• Willie Barrow (his will probated July term 1825). Barrow not only purchased from the estate, he later offered a property for rent in 1812 stating “it is the place where the Nashville turf formerly was kept by Samuel Pryor, deceased.”
  • John Bernard married Laura L Pryor (born about 1792 in VA) in Davidson county in 1808. They are on the 1850 census in Tipton County, TN, ages 68 and 58 respectfully. Laura’s first son was named Samuel Pryor Bernard and another son was named Benjamin.
  • Benjamin W. Pryor (born about 1788 in VA). He had a letter at the Nashville Post Office in 1807. Benjamin’s son , William Oscar Pryor, married Laura Pryor Bernard’s grand-daughter, Laura Elizabeth Bernard in 1850 Tipton Co., TN.
  • B. P . Pryor may be an error (actually B.W.?) or an unidentified Pryor
  • Jasper Sutton married Susannah Pryor in Davidson County in 1808. Jasper offered a horse for sale in a Nashville newspaper in 1813 and was counted in Maury County in 1820 (Jasper born 1790-1800 and if the older woman in the household was Susannah then she was born 1780-1790). In 1850 Jasper was counted in Hickman county living with Laura Humphreys born about 1830– a possible daughter.

This estate helps to scoop us some of the stray Pryors I have in my notes and at least move them into a potential family line.

The estate sale not only names possible relatives of Samuel Pryor, but it also ties up some of the another documented event in Samuel’s life: the runaway slave Wyatt (aka Wiatt) was found and sold in the estate to resolve the judgment of the TN supreme court case that named future US President Andrew Jackson.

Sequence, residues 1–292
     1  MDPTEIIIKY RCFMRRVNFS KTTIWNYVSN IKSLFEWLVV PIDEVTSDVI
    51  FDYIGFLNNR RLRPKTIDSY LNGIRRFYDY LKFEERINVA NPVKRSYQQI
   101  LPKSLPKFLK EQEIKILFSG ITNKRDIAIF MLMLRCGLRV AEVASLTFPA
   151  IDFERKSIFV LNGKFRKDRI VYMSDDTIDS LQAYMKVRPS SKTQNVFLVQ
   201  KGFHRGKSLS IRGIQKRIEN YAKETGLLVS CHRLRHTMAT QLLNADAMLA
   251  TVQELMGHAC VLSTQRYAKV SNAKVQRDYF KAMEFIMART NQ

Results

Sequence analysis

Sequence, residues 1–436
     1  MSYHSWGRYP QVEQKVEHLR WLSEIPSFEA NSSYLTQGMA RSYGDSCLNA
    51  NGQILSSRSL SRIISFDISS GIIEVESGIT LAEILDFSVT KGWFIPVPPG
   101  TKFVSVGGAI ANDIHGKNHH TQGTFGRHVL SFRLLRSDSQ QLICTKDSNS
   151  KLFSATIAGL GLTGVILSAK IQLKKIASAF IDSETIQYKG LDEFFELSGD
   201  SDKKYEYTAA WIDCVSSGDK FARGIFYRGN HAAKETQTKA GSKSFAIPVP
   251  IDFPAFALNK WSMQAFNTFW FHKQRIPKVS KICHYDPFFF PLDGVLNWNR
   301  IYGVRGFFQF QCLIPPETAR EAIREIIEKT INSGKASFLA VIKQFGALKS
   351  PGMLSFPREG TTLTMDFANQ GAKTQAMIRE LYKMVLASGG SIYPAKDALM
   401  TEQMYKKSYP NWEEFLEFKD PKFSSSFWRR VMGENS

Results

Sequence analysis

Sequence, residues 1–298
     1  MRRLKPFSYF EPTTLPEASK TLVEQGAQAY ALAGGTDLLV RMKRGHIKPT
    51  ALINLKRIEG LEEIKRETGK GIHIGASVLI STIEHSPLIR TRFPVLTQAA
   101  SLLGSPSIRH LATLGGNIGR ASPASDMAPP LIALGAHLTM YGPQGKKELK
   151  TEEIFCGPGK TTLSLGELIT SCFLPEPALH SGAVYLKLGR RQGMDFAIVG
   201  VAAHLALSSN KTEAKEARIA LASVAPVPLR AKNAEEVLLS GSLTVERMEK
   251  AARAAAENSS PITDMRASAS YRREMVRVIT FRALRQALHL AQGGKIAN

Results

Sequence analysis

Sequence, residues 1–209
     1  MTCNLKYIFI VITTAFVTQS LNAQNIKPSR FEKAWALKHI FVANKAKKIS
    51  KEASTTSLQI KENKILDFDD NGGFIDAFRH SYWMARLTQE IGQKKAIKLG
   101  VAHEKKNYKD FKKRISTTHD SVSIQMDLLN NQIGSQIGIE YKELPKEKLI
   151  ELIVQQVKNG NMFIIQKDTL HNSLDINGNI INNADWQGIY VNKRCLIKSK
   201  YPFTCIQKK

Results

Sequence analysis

And sold to George Bell the following negroes to wit Wyatt, Charlotte, Sally, Sucky, George, Patsey, and Parralee for the sum of $2727.50 appropriated to the payment of a judgement in favour of Jackson and Hutchings for $2597.50 and a judgment in favor of Lassley $130.

Notices appearing in the Nashville press offer insights into where Samuel worked and how he lived.

  • The location was described in a 1812 ad as 8 miles above Nashville and “the place where the Nashville turf formerly was kept by Samuel Pryor, deceased.”
  • His estate consisted of stock of horses, cattle, sheep, and hogs, all the household and kitchen furniture and utensils of different kinds (from estate sale announcement in 1811)

Was Samuel a sibling of the Pryors who purchased from his estate? Or was he their father?

So Samuel wasn’t named in Luke Pryor’s will, it’s troubling that a Samuel Pryor was named in Joseph Pryor of Bourbon County, KY will. Because Samuel was deceased years before Joseph. However, statesman Henry Clay provided the clue that Samuel and Thornton Pryor were brothers (see post Pryor Brothers: Thornton and Samuel). Something to explore.